This depends on several factors. De Vries notes that the Ethereum leadership has said several times in the past that it will switch to Proof of Stake, and has not made that change. But this is as far as they have come in this process and the first time they have given such a specific date for a switch; The closer we get, the safer and more secure this assumption becomes Something It will happen this week.

Like any software change, there may be errors in the actual material of the update that can hinder the transition. But an even bigger problem can come from miners who decide not to cooperate with the new way of working. The proof-of-work method means that Ethereum miners, like all crypto miners, have spent a lot of money investing in physical processors to solve equations — an investment they would hate to give up with the switch to Proof of Stake.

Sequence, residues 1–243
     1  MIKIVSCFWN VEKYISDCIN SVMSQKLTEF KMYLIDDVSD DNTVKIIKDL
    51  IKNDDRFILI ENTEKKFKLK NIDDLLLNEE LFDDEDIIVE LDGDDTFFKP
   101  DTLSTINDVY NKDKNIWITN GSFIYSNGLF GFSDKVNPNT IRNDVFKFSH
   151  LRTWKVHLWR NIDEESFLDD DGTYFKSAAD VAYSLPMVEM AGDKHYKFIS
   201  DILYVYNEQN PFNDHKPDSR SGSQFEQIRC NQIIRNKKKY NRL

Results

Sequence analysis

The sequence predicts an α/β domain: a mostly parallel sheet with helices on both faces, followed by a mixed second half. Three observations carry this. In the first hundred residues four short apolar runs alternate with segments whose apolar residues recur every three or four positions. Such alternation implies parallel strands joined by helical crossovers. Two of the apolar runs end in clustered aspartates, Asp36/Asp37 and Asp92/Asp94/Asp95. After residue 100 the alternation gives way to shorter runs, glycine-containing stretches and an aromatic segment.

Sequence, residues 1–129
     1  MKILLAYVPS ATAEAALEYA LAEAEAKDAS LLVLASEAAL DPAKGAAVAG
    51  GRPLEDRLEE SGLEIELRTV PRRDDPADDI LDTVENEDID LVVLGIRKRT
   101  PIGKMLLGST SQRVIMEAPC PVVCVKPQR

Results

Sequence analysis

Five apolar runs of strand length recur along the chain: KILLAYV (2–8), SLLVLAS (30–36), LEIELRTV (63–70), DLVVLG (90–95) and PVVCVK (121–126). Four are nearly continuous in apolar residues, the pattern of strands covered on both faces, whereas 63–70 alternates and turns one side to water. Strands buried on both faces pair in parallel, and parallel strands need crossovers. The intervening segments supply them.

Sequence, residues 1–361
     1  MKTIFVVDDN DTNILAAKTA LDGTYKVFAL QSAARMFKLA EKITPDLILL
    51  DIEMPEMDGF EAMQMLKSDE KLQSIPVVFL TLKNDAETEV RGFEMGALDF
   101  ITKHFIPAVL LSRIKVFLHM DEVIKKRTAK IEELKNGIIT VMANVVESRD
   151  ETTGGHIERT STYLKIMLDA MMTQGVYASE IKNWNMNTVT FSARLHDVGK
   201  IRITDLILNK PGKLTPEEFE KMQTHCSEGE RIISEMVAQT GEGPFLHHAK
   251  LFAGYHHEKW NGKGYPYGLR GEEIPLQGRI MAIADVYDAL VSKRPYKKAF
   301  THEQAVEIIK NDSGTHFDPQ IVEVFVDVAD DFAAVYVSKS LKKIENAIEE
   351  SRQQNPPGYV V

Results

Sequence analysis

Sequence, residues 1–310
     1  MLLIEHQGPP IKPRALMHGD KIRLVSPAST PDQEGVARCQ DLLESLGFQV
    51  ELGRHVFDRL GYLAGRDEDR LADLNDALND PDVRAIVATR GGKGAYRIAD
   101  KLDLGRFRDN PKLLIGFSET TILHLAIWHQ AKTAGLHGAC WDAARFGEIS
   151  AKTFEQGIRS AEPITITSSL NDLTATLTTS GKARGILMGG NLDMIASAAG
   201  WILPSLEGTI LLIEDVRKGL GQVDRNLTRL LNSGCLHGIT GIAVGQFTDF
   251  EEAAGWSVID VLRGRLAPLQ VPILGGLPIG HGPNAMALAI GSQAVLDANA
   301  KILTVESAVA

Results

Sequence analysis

Miners can Create what is known as a fork, or split away from the main blockchain to create a separate version of the network. Both the Bitcoin and Ethereum networks have already encountered forks that create different versions of the coin, known as Bitcoin Cash and Ethereum Classic. If enough Ether miners commit to proof-of-work, it can keep many of the machines that were supposed to shut down after the merger are still active and generating emissions.

One team of these miners say they have Already dismantling the bomb difficult And ready to hitEat a hard fork. if tMiners keep their machines working Proof of working mining, just on a different Ethereum fork — or simply by switching to mining other cryptocurrencies — could mean that many power-hungry miners stay online, running and consuming power, even as the rest of the network moves.

“The miners have every reason to try,” de Vries said. “They will lose all their income, so why not give it a try?”

If the merger goes well, are all the environmental issues with cryptocurrency fixed?

not exactly. For starters, defining Ethereum emissions ignores the real crypto elephant in the room: Bitcoin. Even after the crypto crash earlier this year, the Bitcoin network is still there emits as much as possible 71.5 megatons of CO2 per year, dwarfing Ethereum 46.8 megatons.